Utah is once again at the center of spaceflight for NASA.
ATK, a Magna-based aerospace company, is creating the solid rocket boosters and the launch-abort system for the new Space Launch System, which is the replacement for the shuttle program and is scheduled to launch in December 2017.
Alex Priskos, NASA boosters manager for the SLS, and astronaut Tony Antonelli have spent the past two days talking with Utah college and elementary school students and the community about the new spacecraft. They were on hand Thursday morning at Clark Planetarium to officially open the new ATK exhibit that details the Utah company’s work on the rockets needed for the SLS.
The new boosters have five stages — one more than the shuttle — and offer 3.5 million pounds of thrust, a 25 percent increase. The larger rockets allow the craft to heft heavier loads into space, and the design of the SLS also allows for a bulkier payload. In the shuttle, the largest diameter for cargo was 5 meters, and that will be increased to 10 meters in diameter and 130 feet in length.
While ATK and NASA are repurposing the solid rocket boosters used for the shuttle to cut down on costs, ATK is taking on a new aspect of the rockets — avionics. The company for the past seven or so years has recruited a team that can put together the brains of the rocket, overseeing issues ranging from steering to ensuring proper booster separation from the main rocket after leaving Earth’s gravity well.
Charlie Precourt, who flew four shuttle missions for NASA and is now the vice president and general manager of ATK’s Space Launch Division, said ATK is proud to take on a new aspect of the rocketry needed for space exploration.
"It’s a delicate and challenging task," Precourt said, "and we’ve been excited to move into that area to create a strong product that is cost-effective, as well."
The new rockets are versatile, geared for missions to the moon, Mars, Jupiter’s moon Europa, asteroids and other deep-space areas.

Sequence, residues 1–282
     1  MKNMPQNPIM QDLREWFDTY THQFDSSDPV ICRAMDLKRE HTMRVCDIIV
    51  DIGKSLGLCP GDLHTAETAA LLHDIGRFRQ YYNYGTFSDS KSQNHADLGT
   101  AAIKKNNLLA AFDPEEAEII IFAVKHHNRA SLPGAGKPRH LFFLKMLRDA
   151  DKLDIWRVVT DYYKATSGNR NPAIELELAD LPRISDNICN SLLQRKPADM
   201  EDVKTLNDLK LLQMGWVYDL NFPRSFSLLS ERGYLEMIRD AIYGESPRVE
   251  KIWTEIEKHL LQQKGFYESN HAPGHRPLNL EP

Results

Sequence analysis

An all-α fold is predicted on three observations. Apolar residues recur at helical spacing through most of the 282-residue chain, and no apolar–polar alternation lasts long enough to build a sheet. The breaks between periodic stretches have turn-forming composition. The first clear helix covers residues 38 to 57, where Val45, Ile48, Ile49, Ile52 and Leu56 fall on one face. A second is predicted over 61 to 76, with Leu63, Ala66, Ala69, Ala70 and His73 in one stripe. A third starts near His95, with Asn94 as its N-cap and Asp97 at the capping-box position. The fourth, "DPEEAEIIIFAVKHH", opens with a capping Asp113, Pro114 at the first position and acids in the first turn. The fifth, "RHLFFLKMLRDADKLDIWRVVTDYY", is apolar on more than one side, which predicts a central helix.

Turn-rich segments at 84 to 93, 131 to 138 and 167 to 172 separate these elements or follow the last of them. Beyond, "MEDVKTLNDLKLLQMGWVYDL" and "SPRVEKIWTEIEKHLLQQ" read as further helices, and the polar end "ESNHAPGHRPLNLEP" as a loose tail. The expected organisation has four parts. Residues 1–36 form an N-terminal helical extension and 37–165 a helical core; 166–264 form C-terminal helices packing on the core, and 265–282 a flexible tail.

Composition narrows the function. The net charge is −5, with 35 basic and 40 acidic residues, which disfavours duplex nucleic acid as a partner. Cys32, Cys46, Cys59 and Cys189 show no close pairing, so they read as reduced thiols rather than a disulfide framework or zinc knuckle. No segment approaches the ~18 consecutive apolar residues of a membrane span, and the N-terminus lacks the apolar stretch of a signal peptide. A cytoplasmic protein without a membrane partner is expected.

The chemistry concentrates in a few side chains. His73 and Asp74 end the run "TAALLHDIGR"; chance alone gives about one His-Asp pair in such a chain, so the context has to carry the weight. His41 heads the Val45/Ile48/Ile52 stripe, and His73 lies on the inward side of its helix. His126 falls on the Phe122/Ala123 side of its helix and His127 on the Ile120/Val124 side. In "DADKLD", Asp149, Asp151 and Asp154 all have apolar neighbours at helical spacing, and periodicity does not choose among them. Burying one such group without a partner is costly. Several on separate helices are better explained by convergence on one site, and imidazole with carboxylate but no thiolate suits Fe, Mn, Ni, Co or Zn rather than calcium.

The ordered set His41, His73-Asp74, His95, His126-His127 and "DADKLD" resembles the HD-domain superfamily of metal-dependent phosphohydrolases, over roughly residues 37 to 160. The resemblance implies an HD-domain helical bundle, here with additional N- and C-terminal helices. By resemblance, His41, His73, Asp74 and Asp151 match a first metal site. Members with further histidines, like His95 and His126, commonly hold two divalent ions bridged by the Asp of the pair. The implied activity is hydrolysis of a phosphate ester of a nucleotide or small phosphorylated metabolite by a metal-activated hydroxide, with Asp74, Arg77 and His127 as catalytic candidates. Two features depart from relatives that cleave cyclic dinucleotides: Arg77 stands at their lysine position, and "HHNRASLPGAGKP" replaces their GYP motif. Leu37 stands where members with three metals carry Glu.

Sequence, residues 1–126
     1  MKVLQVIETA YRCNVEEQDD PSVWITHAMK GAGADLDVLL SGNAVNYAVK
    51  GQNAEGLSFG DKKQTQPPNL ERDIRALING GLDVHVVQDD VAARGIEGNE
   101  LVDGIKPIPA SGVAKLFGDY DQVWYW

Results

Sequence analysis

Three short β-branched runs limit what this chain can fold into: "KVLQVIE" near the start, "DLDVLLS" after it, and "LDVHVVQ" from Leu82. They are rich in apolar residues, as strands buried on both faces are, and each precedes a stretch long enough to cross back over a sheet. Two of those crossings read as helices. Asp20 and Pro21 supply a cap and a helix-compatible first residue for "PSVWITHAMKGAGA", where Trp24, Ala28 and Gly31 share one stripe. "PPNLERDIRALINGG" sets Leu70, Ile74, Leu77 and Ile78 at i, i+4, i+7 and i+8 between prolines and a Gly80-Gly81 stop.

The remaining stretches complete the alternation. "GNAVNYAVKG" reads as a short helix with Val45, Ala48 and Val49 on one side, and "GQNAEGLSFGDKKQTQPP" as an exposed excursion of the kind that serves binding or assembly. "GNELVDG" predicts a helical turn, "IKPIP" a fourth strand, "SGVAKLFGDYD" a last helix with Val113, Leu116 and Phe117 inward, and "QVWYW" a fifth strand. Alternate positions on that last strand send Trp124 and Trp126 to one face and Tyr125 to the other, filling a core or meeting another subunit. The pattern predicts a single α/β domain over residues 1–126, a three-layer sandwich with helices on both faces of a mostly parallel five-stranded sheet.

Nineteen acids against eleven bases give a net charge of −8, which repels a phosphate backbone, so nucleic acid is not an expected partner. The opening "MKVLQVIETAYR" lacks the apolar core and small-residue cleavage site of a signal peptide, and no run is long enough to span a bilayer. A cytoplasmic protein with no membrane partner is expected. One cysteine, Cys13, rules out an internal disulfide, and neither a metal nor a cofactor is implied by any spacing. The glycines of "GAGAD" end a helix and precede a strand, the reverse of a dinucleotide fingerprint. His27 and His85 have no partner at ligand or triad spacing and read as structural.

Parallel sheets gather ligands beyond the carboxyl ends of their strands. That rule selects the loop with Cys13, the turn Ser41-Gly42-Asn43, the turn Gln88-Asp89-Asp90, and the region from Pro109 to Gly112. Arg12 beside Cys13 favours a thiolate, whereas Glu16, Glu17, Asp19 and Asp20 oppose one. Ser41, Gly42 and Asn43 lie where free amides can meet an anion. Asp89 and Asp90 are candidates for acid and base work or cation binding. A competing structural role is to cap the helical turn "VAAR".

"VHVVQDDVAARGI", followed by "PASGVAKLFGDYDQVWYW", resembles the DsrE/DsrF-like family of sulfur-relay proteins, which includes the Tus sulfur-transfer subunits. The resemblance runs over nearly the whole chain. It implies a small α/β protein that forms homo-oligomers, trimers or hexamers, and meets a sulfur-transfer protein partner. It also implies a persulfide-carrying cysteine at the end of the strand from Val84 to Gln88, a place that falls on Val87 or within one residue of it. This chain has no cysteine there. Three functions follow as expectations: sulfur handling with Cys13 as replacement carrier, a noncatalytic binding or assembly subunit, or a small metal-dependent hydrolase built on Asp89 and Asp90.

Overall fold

The initial craft will be able to carry a payload of 70 tons and stands at 320 feet. It is designed for missions to the moon and other nearby locations. For deep-space areas such as Mars and beyond, a later variation with a larger liquid-fuel upper stage rocket is planned and will carry a payload of 130 tons and stand at 400 feet, Priskos said.
Eventually, the program hopes to send between four and six astronauts at a time in the Orion capsule, which sits on top of the rockets. But sending humans into deep space has its own issues, such as handling radiation exposure, creating long-term life-support systems and finding ways to communicate with Earth. While it takes only about a second to get a message from Earth to the moon, it can take anywhere from 8 to 25 minutes to get a message one-way to Mars — depending on where the planet is in its orbit — and the same amount of time to get one back.
"I’m as homegrown as they come, and this mission gives me a different appreciation of pioneers," said Priskos, who grew up in Salt Lake City’s Sugar House neighborhood, and earned his undergraduate degree from the University of Utah and a master’s degree from Utah State University. "It gets back to the question of communication, and the pioneers weren’t able to communicate with the people who were back in the places they came from, and our astronauts won’t have that security blanket either."
Antonelli’s role in the SLS project is to give operational knowledge to the engineers — basically pointing out what difficulties arise when piloting rockets, and working with engineers to find ways around those problems.
"It’s a long way to be from home if you don’t have everything you need with you," Antonelli said.
In addition to designing the solid rocket boosters, ATK is also creating the launch-abort motor. The feature is new on this rocket, and it allows the crew, located in the Orion capsule on top of the 300- to 400-foot rocket to escape if there is an emergency at launch or during ascent.
"Safety is different from risks, but we study all the risks as much as possible and put in mitigations," Precourt said. "Spaceflight is never perfectly safe, but neither is driving your car. We learn from what we’ve done in the past and make it absolutely as safe as possible."
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